Los Angeles

Gregory Mahoney

Burnett Miller Gallery

At first glance, Gregory Mahoney’s “paintings” appear to draw upon the reductive tenets of hard-edge abstractionists such as Ellsworth Kelly and Leon Polk Smith. Viewed collectively, their impact seems hermetically formal, exploring the basic parameters of the picture plane (shape, edge, surface frontality) as well as the interplay of positive and negative space within the gallery environment as a whole.

On closer examination however, the work discloses references to the natural landscape, particularly the desert, mountains, and ocean of Southern California. Mathematical geometry thus acts as an idealized signifier for more organic concerns, and Mahoney’s habitual vocabulary of dissected diamonds, crescents, circles, and trapezoids suddenly metamorphoses into clearly delineated visual perspectives. Instead of flat cone shapes, for example, we begin to perceive triangular sight lines across endless salt flats that reach out toward a distant horizon, as in Alluvial Reflection or Eclipsed Reflection, both 1987. Similarly, in works such as Axis Eclipse, 1986–87, vertical axes suggest split perspectives, in particular the dislocation or eclipse produced by closing one eye, blinking, or moving one's head.

Mahoney reinforces this conservative view of the sublime landscape through his use of natural materials and processes. Horizons and axes usually divide shaped segments of oxidized steel from charred wood that has been treated with red, blue, or black pigment, so that the juxtaposition of rusted patinas and rich, amorphous hues might suggest baked desert landscapes, alluvial deposits, or large bodies of water. Although the contrasting textures and warm/cold, hard/soft resonances are clearly important in Mahoney's attempt to evoke a wide range of emotional responses, they seem less significant than his harnessing of chemical processes whose effects continue after he has assembled his materials into the form of an artwork. By so doing, he attempts to create a true organic synthesis of art and science, subjective vision and objective “reality.”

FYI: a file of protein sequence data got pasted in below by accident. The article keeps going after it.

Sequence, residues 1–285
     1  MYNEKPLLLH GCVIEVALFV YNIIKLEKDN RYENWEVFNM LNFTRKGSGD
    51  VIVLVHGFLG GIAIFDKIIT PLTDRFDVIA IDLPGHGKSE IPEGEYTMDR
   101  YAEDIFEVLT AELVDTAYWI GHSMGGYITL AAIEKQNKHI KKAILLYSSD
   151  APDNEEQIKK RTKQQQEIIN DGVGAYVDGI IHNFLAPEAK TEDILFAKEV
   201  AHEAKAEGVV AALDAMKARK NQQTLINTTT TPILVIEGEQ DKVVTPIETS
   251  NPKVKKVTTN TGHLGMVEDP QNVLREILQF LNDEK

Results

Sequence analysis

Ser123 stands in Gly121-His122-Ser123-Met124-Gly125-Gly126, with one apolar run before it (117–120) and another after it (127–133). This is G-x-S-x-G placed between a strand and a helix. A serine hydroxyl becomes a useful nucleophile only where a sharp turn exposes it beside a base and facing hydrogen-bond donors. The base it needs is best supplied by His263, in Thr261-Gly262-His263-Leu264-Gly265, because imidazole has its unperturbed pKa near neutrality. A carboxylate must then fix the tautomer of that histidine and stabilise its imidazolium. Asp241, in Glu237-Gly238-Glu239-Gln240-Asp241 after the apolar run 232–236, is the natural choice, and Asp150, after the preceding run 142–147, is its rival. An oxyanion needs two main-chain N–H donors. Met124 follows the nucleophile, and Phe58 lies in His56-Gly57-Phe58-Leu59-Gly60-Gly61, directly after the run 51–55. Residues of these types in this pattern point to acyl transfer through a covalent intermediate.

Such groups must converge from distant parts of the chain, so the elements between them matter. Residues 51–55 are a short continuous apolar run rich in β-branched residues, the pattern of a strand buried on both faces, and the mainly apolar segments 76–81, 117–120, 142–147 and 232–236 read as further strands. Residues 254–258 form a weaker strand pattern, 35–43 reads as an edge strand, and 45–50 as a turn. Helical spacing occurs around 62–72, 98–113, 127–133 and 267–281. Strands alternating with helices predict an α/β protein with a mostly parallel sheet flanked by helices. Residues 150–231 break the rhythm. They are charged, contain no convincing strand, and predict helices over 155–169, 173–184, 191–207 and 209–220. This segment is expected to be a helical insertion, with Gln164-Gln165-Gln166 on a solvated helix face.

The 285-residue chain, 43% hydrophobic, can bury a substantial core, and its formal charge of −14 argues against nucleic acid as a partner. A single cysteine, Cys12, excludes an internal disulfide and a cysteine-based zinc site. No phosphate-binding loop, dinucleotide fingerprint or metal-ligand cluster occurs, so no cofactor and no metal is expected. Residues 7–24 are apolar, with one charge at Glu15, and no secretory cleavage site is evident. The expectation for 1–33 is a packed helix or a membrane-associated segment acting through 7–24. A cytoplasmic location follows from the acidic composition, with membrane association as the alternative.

The philosophical basis for such an esthetic would appear to be the hermeneutical phenomenology of Martin Heidegger. Heidegger propounded the hegemony of organic Being, a transcendental state that blurs all distinction between subjective and objective existence. Interestingly enough, Heidegger shared Mahoney’s affinity for formalist principles, particularly in the notion of de-familiarization, a form of estranging effect that draws attention to the language of the art object/subject and allows its transcendental essence to shine through. The artist thus acts as a sort of unifying agent between the universal (in Mahoney’s case, the landscape and the immutable laws of geometry) and human perception of the universal.

In many ways, the phenomenological view inherent in Mahoney’s work is not far removed from the organic idealism of late 18th-century Romanticism, which also saw redemption in the “truths” of natural forces. Post-Structuralists have had a field day deconstructing such metaphysical concepts, and, viewed simply as a subjective language system, the work’s stylistic rhetoric makes his apparent philosophical and “spiritual” objectives seem arbitrary at best. Moreover, like any idealist esthetic, Mahoney’s presupposes a closed text, and thus encourages a passive and servile response to both art and nature.

Reviewed by Colin Gardner.